Perry Rhodan NEO #3: School for Mutants

Saturday , 15, January 2022 Leave a comment

“If you don’t believe in your own vision, who else is supposed to?”


Days after Perry Rhodan invited the world to join him in the new city of Terrania, the Chinese siege intensifies, even scoring a success by shooting down Rhodan’s only spaceship, the Stardust. In an attempt to get around the Arkonide shields, General Bai Jun cuts off humanitarian aide to refugees flocking to Terrania. But the Chinese government has other ideas, and smuggles nuclear weapons into the Gobi Desert.

Meanwhile in Ireland, the mutant Sid Gonzalez is unconscious, trapped by his fears in visions of the past. John Marshall and Sue Mirafiore, with the help of other mutants such as series favorite Ras Tschubai, must dive into the young man’s mind to save him. But what they find in Sid’s past may be the key to understanding the man who now holds the Arkonide Crest da Zolral prisoner. The man who now knows why the Arkonides visited the Solar System.

Clifford Monterny.

The revisioned adventures of science fiction’s longest running hero, Perry Rhodan, continue in Perry Rhodan NEO #3 with School for Mutants by Michael Marcus Thurner and The Dark Twins by series veteran Frank Borsch. And while both novels push Perry Rhodan forward towards inevitable conflicts between his Terrania, China, and the United States deep state, the heart of each is the creation of two rival schools for mutants. One, by Homeland Security agent Clifford Monterny, who seeks to develop mutants into a sort of Hitlerjugend for Homeland Security, and the other, by wealthy billionaire Homer Adams, who seeks to marry the emerging potential of humanity to Perry Rhodan’s vision of the stars. And Sid Gonzalez, once a street urchin in Nicaragua, has at various times been in the care of both.

Flashbacks from Sid and the anti-Xavier Monterny flesh out the motives, formation, and atrocities behind the blackest of black Homeland Security projects. As a result, both men receive more characterization than Perry Rhodan himself. This does weaken the fire behind Rhodan’s vision, especially when realpolitik, ideology, and nationalism are so thoroughly condemned. And while the stars might be reason enough for people to unite under one banner, someone still has to sell that idea to people. Oddly, it is Sid’s zeal that does more for that than Rhodan’s actions. It is also as a shame, as Sid and Monterny’s flashbacks, with all the pain and grief involved, catch the reader’s attention more than the stalemate in China.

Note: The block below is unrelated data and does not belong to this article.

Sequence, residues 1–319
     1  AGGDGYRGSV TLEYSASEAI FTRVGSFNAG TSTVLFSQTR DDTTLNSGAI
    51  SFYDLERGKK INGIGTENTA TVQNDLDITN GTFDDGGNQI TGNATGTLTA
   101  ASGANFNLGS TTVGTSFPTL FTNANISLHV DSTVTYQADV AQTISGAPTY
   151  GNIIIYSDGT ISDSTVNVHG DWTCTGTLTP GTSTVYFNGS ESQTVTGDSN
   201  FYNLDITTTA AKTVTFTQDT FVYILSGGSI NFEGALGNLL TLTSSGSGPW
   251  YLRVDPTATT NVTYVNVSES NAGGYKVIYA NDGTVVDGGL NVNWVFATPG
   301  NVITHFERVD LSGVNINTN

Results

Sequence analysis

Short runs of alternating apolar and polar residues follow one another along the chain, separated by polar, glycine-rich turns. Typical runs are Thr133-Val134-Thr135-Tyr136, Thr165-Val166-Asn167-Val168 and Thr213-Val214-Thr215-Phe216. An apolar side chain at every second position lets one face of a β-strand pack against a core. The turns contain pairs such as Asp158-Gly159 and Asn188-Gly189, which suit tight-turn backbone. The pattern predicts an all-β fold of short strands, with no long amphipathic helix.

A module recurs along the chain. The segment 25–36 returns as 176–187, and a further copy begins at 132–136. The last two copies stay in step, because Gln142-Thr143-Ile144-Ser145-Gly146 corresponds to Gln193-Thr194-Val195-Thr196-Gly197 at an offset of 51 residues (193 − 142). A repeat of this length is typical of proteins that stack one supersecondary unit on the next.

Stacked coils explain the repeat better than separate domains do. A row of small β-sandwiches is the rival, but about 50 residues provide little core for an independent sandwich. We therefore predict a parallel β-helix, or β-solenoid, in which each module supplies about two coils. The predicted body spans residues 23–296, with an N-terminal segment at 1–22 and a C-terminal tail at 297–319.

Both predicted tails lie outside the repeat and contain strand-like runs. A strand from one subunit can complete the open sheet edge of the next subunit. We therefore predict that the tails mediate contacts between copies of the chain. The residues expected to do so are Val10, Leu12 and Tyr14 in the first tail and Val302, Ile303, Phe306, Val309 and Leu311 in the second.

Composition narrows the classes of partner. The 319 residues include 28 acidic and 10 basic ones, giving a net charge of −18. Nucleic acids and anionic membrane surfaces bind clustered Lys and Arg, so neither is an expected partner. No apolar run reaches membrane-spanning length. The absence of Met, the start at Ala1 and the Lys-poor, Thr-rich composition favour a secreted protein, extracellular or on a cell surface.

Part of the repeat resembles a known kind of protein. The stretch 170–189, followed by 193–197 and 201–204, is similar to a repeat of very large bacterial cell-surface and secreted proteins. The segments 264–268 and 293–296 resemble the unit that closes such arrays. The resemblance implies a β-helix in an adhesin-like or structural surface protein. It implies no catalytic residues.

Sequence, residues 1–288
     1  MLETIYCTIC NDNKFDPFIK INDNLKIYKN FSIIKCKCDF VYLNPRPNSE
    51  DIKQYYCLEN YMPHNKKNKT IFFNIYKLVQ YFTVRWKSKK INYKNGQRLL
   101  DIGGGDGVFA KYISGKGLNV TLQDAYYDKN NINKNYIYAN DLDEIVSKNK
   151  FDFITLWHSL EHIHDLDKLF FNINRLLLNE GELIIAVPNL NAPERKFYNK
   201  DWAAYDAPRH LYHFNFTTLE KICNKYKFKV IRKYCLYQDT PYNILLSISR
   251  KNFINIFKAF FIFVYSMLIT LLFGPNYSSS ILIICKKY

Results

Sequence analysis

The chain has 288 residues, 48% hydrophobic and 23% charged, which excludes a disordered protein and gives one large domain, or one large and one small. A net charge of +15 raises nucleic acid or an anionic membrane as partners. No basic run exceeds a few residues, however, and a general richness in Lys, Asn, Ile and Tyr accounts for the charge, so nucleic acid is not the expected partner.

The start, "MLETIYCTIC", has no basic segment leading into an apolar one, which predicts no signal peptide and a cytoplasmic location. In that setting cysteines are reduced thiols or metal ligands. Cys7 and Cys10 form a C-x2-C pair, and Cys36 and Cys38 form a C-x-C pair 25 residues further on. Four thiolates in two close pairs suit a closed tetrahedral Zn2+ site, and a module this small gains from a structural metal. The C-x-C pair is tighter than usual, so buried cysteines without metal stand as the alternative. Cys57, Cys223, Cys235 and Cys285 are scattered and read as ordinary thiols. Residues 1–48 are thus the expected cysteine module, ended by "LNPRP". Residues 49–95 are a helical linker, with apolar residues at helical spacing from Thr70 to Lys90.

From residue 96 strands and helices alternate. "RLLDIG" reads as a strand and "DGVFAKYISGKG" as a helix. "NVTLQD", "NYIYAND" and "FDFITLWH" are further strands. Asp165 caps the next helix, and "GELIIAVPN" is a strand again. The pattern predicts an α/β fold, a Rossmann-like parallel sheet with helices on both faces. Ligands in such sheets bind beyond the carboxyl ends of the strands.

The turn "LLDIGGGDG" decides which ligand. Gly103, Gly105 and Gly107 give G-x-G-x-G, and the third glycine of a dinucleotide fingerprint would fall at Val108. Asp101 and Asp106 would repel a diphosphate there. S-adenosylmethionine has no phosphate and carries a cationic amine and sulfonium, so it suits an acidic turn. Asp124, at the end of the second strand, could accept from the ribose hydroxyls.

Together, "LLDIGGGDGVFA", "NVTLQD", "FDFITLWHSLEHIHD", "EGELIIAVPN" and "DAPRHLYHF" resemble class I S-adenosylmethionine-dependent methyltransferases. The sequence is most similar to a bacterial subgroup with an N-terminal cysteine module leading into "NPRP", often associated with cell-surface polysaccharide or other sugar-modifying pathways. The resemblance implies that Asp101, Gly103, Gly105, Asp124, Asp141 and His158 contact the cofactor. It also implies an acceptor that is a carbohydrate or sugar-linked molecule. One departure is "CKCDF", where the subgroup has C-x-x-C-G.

Thurner explores Sid’s trauma as the boy lives a life that’s a mix of Locke Lamora, Harry Potter, and The Promised Neverland, one that is as eventful and adventure filled as any child hero’s. Borsch tackles the harder job. European science fiction, such as Valerian and Laureline, is fond of avoiding simplistic portrayals of good and evil, and instead resorts to more a clash of differing factions. Borsch gives virtue and vice to Monterny’s creation of Homeland Security’s school for mutants, making the man’s misguided quest somewhat sympathetic. The old saw of a villain being the hero of his own story is true here. Unfortunately, the major motivator so far for all characters is pain. Not virtue, ideology, philosophy, just pain. And that fixation wears on the reader.

Allusions to The X-Men are unavoidable, although Perry Rhodan’s mutants were arguably introduced before Marvel’s heroes. Rhodan’s mutants are developments of the Campbelline fascination with psionics, and carry a high metabolic price. Sid once was a chubby teenager, for instance, before constant use of his powers turned him thin and sinewy. Other mutants are left exhausted by the use of their powers. And the refrain of ordinary people with extraordinary gifts resounds throughout both novels, as old favorites, both allies and enemies, surround Sid. At the same time, it is hard to avoid resonances with Professor Xavier and his students. Adams and Marshall combined fill a similar role to a team with analogues to Nightcrawler, Jean Grey, and others.

Perry Rhodan NEO is transitioning in these stories from Ringoesque worldbuilding to full-blown adventure. Some of this is due to consolidating a full year of the initial run into eight books. Some is also due to the initial setting mattering less, which couldn’t happen soon enough. 2036 looks different in these post-Corona, post-ISIS days as it did back when the European Union still mistook influence for power. But once we get to races against nuclear timers, psionic fights, and the chess match between generals, the story picks up, not just in pace, but enthusiasm. And the child protagonists of Sid and Sue provide that enthusiasm and zeal when cooler heads may dither.

As long as Perry Rhodan NEO concentrates on the stars, it soars. When the series focuses on the Earth, it stumbles. However, as long as Monterny holds Crest captive, Perry’s attentions will remain Earthbound. Fortunately, Crest is not the only Arkonide remaining, and Thora still has her part to play. Perry Rhodan will not remain shackled to mere worldly concerns for long.

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